There are a lot of reasons to love succulents. They are low-maintenance, come in some amazing colors and shapes and size, and can be planted just about anywhere—including in vertical wall garden! If you haven't worked with concrete before, don't fret. It's an easy material to use and very forgiving. In this step-by-step tutorial, you'll learn how to make your own concrete mold using some basic materials. And once you have the process down, you can make concrete planters in any shape you like simply by changing up the base shape.
When choosing plants for your wall hanging, look for types of succulents that will stay relatively small and tight to best fill the heart shape. We used various types of Echeveria, Dischidia and Haworthia cooperi along with other succulents found at our local garden center to create a multi-textured and colorful arrangement.
The trick to creating this stunning display is to prep your succulents at least a day before you start this project—the succulent cuttings need to develop scabs where the stems are cut. To prepare, simply remove succulent plants from their pots and wipe away any excess dirt. Clip the ends of the succulents, leaving a stem to insert into the floral foam that will fill your form.
To make the heart form, fold a sheet of poster board in half and draw half a heart on the seam (just like you did back in elementary school to get a balanced heart shape). Cut once you're happy with the size and shape. Then measure 1-1/2 inches the outside of that heart and draw a second one. Cut out. Trace both heart patterns onto foam core board and cut with crafts knife. Glue hearts together, centering the little heart over the bigger one.
Cut a cardboard strip long enough to wrap around the outside of your foam core heart. Cut a second piece to wrap around the inner layer of the heart shape. Secure both to the outside edges of the hearts low-temp hot glue to create the mold shape.
Use a screwdriver to poke holes through inner heart foam board. Lay a piece of chicken wire big enough to cover the heart shape on top of the mold and run floral wire through the holes you poked in the back to keep the chicken wire in place. Trim the chicken wire to just bigger than the size of the inner heart and curve the edges down so they are in between the two cardboard strip walls of your mold. This way the chicken wire will be buried in the concrete once you pour. Once you're finished with the wire, spray the space between the cardboard strips with spray oil to make removing the cardboard after the concrete has dried much easier.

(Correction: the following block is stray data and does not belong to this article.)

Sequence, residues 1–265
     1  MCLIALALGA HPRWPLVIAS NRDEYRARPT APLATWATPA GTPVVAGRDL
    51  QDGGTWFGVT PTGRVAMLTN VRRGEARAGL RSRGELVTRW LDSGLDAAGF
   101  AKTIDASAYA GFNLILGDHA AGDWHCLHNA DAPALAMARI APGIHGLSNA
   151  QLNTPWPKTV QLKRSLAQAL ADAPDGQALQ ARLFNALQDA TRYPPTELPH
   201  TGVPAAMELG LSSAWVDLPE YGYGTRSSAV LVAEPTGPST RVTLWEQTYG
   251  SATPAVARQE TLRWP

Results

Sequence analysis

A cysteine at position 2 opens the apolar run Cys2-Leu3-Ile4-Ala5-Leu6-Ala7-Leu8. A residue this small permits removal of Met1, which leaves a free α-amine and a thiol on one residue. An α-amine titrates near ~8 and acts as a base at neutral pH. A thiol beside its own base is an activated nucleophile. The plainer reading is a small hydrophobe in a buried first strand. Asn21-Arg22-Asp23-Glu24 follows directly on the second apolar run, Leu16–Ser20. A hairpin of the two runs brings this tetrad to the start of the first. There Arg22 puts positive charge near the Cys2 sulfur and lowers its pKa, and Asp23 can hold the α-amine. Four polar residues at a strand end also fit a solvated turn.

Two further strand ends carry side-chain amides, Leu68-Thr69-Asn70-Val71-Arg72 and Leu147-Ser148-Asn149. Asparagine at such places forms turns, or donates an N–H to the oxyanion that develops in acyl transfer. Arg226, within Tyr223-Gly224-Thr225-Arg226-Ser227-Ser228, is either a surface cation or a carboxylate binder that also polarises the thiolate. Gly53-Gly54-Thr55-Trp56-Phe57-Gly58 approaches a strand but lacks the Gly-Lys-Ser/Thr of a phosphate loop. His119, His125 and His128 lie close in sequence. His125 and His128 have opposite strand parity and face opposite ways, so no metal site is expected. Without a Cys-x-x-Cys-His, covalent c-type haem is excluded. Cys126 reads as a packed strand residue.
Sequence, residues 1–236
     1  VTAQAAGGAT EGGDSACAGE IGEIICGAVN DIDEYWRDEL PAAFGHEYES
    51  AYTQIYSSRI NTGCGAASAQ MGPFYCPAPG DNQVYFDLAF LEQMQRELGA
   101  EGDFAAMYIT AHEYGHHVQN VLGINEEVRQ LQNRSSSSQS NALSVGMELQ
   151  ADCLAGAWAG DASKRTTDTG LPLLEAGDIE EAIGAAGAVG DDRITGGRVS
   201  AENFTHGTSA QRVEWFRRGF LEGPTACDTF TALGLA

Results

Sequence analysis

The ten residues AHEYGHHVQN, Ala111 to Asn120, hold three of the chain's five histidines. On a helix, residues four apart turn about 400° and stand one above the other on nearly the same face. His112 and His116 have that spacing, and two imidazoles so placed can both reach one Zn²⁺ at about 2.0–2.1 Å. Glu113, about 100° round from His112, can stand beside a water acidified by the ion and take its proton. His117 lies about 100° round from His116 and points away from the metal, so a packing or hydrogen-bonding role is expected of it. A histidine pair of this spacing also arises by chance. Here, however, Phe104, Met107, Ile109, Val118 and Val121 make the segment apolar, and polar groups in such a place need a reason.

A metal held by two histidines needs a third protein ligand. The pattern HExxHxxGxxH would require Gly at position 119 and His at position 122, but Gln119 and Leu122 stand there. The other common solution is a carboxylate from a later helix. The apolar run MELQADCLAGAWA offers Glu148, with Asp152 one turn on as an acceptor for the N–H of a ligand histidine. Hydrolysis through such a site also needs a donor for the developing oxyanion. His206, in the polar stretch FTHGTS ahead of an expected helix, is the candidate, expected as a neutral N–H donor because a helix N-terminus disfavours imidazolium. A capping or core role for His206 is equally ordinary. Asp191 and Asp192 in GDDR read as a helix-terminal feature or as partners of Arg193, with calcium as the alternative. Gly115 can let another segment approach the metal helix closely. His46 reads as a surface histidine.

Now it's time to mix your concrete! Don a dust mask and goggles before starting; even the slightest breeze could blow concrete dust into your eyes and you don't want to be breathing in the stuff either. Basic rubber kitchen gloves will protect your hands from the messy mixing process. Pour the fast-drying concrete mix into a plastic bucket or bin and slowly add water, mixing with your hands until a cottage cheese consistency has formed. We prepped about six cups of concrete mix for this project; more than we needed but better too much than too little! It's actually a great excuse to prep a couple molds of different sizes. If you have too much concrete, just fill another mold!
Fill outer heart shape with concrete mix, pressing it into the edges of the shape and gently shaking or tapping the mold to remove any air bubbles. Fill the form all the way to the top with concrete, being sure to completely cover the chicken wire edges you tucked into the mold. Insert plastic anchors on opposite sides of the heart. The anchors will allow you to easily hang the piece later. Let the concrete dry for at least 24 hours.
After concrete is completely dry, tap the form gently with a rubber mallet and peel away cardboard strips. Use a bit of sandpaper if needed to remove and cardboard remnants or smooth and jagged edges. Add blocks of dampened floral form to fill the center of the heart and cover with damp sphagnum moss, securing the moss with floral pins as needed. Use a screwdriver to make holes in the floral foam where you want to insert the succulents; it will make it much easier to insert the stems without damaging your plants. Finish filling out the heart with various succulent cuttings, being sure to leave room for plant growth.
Wait about a week before hanging your piece to give the plants time to anchor into their new home. Once you're ready to hang, connect a length of chain to eye screws; secure each eye screw in the plastic anchors you inserted into the concrete during the molding process.
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